Sara Marcus, author of Girls to the Front, a history of Riot Grrrl, writes about her own teenage years in the book’s preface. “I had no social group. No pocket of belonging.” She and a few girls at her high school started a NOW (National Organization for Women) chapter, only to be taunted by boys yelling “Dykes!” in the hall outisde their meetings. When she saw a Newsweek article about the Riot Grrrls, she was stunned. “I read the whole piece twice, not even bothering to sit down. It said the riot grrrls had recently held a convention in Washington, DC. Could this be true? There were girls in my area who might understand me?” (Girls to the Front, pg.4) She goes on to describe her pre-internet era detective work, searching bulletin boards, classified ads and newsletters in feminist bookstores, sending letters to post office boxes without reply. After a year of searching, near the end of her high school career, Marcus did find her local chapter of Riot Grrrl, who met on Sunday afternoons at a co-op called the Positive Force House in Arlington, Va. “We talked about sexual harassment fro classmates and teachers, crushes on boys and girls, our favorite kinds of tampons and ice cream, and our outrage over the sexist stories and images we saw in the newspapers and on television. These girls weren’t all punk, they didn’t all have bands, and while they were the coolest girls I’d ever met, they were cool in a way that drew me closer instead of shutting me out.” (Girls to the Front, pg.8) In both Marcus’, Vail’s and Hannah’s stories, there is a searching and finding of kindred women, who had experienced similar frustrations, persucutions and joys. It is this coming together that I want to direct into the heart of this essay.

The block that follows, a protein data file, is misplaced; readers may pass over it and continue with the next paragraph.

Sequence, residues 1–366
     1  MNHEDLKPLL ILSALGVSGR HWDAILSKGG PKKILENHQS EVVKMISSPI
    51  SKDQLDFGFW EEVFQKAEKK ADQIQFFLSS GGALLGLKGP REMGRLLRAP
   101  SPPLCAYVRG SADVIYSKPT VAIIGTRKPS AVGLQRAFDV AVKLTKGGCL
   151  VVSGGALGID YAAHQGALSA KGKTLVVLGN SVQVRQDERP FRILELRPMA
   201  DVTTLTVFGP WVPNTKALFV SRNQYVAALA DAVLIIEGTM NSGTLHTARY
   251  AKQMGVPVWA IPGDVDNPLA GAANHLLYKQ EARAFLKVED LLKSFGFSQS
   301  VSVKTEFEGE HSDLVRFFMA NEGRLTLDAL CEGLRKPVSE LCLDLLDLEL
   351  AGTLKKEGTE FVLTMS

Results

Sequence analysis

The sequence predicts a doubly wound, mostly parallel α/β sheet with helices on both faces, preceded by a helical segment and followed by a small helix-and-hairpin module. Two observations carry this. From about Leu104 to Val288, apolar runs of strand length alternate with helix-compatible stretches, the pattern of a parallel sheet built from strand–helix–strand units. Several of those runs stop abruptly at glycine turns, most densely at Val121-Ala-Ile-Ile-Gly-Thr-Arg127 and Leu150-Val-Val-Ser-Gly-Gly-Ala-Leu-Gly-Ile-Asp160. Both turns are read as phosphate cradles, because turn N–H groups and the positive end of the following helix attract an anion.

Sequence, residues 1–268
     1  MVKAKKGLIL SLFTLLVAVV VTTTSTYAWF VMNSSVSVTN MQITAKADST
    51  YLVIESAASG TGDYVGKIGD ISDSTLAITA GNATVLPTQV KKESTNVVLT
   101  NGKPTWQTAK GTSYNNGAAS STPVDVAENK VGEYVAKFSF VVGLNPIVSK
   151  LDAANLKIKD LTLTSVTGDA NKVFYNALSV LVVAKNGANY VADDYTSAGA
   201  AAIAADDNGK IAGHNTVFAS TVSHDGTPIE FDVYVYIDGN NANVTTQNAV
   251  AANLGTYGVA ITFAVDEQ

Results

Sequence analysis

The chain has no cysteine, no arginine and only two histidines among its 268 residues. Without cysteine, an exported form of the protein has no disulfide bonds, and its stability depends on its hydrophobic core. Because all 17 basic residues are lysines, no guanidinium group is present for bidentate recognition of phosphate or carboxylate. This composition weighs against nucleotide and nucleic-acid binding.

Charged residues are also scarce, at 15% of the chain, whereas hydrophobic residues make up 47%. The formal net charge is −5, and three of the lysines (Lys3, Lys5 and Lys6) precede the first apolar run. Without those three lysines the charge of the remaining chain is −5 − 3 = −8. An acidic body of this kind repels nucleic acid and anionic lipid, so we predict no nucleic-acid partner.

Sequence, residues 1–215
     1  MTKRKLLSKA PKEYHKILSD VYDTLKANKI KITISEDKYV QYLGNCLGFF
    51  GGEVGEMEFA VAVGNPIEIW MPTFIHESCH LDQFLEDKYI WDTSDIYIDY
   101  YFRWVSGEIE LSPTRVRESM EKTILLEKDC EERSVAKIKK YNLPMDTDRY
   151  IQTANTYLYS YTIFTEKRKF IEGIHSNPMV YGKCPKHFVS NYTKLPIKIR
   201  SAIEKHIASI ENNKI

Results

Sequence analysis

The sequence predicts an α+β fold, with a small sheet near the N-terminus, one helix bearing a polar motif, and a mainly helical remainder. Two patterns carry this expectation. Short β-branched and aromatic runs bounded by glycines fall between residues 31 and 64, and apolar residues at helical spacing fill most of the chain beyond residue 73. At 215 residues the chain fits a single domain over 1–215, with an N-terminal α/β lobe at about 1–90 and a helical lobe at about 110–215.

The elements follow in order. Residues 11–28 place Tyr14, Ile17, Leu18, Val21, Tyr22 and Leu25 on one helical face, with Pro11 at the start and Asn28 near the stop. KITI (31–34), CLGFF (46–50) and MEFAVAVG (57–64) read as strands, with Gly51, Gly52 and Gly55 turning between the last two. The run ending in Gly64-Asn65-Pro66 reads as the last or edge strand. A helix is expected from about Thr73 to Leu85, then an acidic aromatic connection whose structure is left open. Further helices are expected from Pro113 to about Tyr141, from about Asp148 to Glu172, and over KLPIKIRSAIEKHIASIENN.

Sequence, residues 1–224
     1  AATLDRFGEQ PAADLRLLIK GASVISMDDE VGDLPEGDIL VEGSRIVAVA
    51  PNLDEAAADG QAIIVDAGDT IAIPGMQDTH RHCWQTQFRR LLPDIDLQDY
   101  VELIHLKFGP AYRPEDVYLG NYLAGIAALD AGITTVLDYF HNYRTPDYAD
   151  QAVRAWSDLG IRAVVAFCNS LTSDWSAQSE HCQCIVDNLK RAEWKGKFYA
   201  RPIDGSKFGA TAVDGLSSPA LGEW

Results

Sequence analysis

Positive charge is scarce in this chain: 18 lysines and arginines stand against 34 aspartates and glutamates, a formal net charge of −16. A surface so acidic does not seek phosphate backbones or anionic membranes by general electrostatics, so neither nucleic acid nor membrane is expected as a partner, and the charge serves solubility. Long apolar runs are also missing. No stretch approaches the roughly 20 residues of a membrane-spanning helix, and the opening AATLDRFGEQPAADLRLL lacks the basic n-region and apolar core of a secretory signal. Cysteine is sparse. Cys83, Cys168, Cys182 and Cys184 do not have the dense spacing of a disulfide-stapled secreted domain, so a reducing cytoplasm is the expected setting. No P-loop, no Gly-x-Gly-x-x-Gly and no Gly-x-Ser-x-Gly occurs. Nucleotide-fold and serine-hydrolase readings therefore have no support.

Kim Gordon of Sonic Youth has written extensively about her life in music. Emerging from New York’s noise music scene in the early 1980’s, Sonic Youth became undeniably one of the most impactful bands in rock and roll over the past 3 decades. Gordon’s half-spoken vocal approach, refined aesthetic thought process, calm intensity on stage and in music videos, and her iconic fashion sense made her a hero to successive waves of musicians in art rock and avant garde music. She also was a friend and mentor to Kathleen Hannah of Bikini Kill, beginning with a summer Hannah spent in New York City.